- Parts per billion (ppb) or parts per million (ppm) – These are measurements of the concentration of a chemical.
- Maximum Contaminant Level (MCL) – This is the legal maximum set by federal law and EPA regulations. Pay close attention to readings higher than the Maximum Contaminant Level, or MCL. These violate federal law and regulations.
- Maximum Contaminant Level Goal (MCLG) – This is a voluntary ideal level set by public health experts to minimize risks. Most of EPA’s legal limits are generally higher than the corresponding goals because regulations must take into account cost and feasibility.
- Action Level (AL) – If the concentration of a chemical exceeds this number, a water supplier must conduct additional treatment or take other measures.
Take a particularly careful look at the measurements for arsenic, lead, chromium-6, and trihalomethanes. Even if they don’t exceed the regulatory cap, they can be linked to serious health problems, even in “allowable” dosages.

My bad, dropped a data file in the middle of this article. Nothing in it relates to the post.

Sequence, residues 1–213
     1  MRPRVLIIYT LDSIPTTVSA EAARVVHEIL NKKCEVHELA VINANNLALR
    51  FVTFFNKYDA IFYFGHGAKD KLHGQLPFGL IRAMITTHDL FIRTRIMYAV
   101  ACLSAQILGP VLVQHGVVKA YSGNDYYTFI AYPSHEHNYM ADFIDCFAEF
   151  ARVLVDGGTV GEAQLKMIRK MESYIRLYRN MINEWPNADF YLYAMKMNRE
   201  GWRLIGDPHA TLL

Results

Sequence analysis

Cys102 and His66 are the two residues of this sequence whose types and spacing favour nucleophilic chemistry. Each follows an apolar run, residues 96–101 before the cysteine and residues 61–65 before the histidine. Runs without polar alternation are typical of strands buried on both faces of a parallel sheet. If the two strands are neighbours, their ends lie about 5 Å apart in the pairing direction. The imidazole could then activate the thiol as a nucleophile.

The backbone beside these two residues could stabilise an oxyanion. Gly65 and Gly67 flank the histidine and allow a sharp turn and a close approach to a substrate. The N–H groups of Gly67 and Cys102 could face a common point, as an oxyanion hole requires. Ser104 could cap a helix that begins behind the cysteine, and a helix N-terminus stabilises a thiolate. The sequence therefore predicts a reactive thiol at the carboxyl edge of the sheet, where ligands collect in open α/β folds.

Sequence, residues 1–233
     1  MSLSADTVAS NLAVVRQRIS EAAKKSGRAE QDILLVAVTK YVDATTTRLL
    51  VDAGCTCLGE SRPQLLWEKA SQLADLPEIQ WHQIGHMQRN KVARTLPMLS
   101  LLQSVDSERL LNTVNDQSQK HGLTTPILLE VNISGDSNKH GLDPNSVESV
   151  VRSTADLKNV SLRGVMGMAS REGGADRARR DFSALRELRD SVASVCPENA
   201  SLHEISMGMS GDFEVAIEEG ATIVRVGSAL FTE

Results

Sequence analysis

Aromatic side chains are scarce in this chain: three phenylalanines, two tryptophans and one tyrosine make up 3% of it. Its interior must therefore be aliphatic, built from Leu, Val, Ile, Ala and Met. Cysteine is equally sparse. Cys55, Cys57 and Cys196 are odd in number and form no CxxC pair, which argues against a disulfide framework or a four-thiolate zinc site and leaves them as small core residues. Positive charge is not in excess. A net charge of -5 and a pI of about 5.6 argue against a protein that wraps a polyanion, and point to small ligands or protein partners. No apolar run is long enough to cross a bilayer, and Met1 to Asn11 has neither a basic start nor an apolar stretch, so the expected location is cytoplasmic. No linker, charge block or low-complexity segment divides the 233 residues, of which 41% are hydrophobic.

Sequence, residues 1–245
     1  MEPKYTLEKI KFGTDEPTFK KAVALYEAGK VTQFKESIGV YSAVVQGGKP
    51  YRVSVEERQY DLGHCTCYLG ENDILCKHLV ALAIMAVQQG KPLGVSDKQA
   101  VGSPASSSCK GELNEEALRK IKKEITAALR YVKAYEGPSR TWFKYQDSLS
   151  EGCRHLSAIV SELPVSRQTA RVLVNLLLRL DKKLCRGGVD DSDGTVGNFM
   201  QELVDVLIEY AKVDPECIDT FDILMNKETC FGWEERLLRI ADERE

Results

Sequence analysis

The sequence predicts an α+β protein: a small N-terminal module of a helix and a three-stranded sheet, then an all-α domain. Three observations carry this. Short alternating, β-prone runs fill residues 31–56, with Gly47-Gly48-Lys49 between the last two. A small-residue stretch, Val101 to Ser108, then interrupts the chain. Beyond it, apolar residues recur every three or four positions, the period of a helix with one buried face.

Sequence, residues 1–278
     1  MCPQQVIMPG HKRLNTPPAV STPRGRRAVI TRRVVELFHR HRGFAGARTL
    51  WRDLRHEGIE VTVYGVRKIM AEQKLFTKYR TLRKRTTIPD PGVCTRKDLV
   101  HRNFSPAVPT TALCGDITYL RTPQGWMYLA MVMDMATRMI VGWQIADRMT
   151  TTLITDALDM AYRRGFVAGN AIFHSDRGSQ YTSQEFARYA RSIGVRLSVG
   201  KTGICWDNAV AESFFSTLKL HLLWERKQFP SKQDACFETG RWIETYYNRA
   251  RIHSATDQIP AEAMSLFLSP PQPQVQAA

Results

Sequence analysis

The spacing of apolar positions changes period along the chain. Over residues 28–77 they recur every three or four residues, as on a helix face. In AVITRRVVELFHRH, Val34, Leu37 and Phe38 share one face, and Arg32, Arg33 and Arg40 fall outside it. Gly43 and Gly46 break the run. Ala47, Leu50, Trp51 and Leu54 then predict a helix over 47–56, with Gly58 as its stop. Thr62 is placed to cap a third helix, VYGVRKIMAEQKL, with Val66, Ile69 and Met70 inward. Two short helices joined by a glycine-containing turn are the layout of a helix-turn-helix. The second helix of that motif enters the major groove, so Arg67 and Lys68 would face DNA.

Once you know what pollutants are in your water, you can best decide what kind of filter you will need to remove them. A good filter will not only pay for itself over time, but, unlike bottles of water, it will also provide you with plenty of clean water for cooking and bathing, too.
Testing Tap Water at Home
Your water utility’s Water Quality Report can tell you a lot about what is in your tap water as it’s leaving the facility. But what it can’t tell you is what pollutes your water as it travels through the pipes in your town and your house. This is why home testing can be beneficial.
Home tap water testing kits can test your water for the most common pollutants and bacteria, as well as hardness and pH. If you are on well water, or worry about heavy metals like lead or copper in your water pipes, a home testing kit can tell you what is really coming out of your tap, and help you choose the right water filter to solve the problem.